The basic principle when dealing with negative emotions in mindfulness practice is that it is ok to feel challenged, but it’s not okay to feel overwhelmed.

 

With any kind of learning, including learning to be mindful, it is normal to oscillate between feeling comfortable and feeling challenged. If you’re never challenged, especially with something experiential like mindfulness or a sport, the learning isn’t in its optimal state. Getting overwhelmed in mindfulness is the equivalent of getting injured when training, and this sets back the progress.

 

Here are some tips for decreasing the risk of being overwhelmed

  • Find your safe places in your body awareness practices

The feeling of being overwhelmed is most likely to occur when focusing on the chest and abdomen as this is where we tend to feel anxiety. I encourage people to find “safe places” where they are less likely to feel this anxiety: such as the resting one’s attention on the sensation of the breath in the nose.

 

Awareness of sounds can also help, as the attention is then focused on something outside the body.

  • Practice mindful movement

    • Walking mindfulness

    • Mindful yoga,

    • Mindfulness in action when doing other activities such as staking the dishwasher.

    • Allowing yourself to fidget to discharge energy during an otherwise still mindfulness practice

    • Trying less hard to focus

 

Sometimes it is okay to let one’s mind wander off. The important thing is to eventually bring the attention back to the focus ( eg the breath) because this way you can learn what has changed. This is very empowering: we don’t always have to do something to change things. They change by themselves.

 
MINDFULNESS AND PSYCHOSIS
 
Badly practiced mindfulness can worsen or elicit psychotic symptoms. However, we can have many weird experiences that are quite harmless. As we learn to observe the play of our mind we can often go into dream like states where the thinking becomes disjointed and strange images can appear. Very controlling and anxious people can become quite disconcerted by this but it is usually not a problem. It is just normally unconscious mental processes becoming more visible. Opening up in this way can actually enhance creativity, including creative problem solving.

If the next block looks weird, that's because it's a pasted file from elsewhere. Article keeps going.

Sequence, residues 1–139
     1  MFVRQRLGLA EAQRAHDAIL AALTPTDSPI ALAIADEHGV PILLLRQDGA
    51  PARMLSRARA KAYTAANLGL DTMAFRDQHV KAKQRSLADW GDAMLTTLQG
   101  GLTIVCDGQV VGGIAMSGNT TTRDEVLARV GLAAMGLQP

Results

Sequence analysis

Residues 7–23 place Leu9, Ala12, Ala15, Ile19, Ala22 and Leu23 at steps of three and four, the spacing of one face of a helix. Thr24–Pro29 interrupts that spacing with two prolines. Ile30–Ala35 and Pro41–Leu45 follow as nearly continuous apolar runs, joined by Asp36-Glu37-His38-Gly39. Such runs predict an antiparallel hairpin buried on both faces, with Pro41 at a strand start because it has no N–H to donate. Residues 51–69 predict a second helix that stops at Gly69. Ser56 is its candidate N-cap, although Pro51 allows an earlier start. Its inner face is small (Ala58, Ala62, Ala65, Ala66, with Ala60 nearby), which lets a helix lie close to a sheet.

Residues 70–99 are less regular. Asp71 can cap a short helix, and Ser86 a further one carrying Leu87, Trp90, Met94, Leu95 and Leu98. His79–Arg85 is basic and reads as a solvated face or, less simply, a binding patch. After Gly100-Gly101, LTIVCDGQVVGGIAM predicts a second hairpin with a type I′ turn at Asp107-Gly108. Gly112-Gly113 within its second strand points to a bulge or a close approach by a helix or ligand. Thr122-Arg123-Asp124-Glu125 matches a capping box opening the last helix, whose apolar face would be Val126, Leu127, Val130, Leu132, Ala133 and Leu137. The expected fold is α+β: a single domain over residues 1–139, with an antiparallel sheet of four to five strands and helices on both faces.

Mindfulness practiced well can even help people who suffer from schizophrenia to see their hallucinations and delusions for what they are. It helps them to remain saner.
 
Mindfulness can go wrong when people do sitting practice for extended periods of time especially if they are chasing blissful states or so called “spiritual experiences”.  A patient of mine who suffered schizophrenia was having a Kundalini experience, where energy was going up and down his spine when he meditated. They talk about this experience in the Hindu tradition. He would go through this experience for many hours a day and it made him more delusional and psychotic. It was very hard to persuade him to do less meditation! It is good to remember that chasing blissful states or spiritual experiences  is actually not mindfulness, as the awareness is no longer open and non judgemental.
 
I have also heard of people with no past psychotic history going into psychotic states on prolonged silent retreats, especially if they do not have a preexisting meditation practice. Generally people recover from these states quickly if they leave the retreat with the support of a psychologically trained person, get some exercise and eat some high protein junk food like a hamburger.
 
In summary to protect yourself
  • Don’t panic about weird experiences appearing in your mindfulness practice
  • Don’t meditate more than 90 minutes a day unless under the guidance of a skilful teacher
  • Don’t chase blissful experiences or spiritual experiences in you practice

 

FURTHER DISCUSSIONS

 

In the article Feyzrakhmanova and Dr. Walsh also explore the following themes:

 

  • Techniques to deal with feeling overwhelmed during meditative practice

  • Negative side effects of mindfulness

  • The role of mindfulness apps

  • Transcendental Meditation

  • Learning from Eastern Buddhist Psychology beyond simple mindfulness

 

* The full article could be find here.

 

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August 26, 2017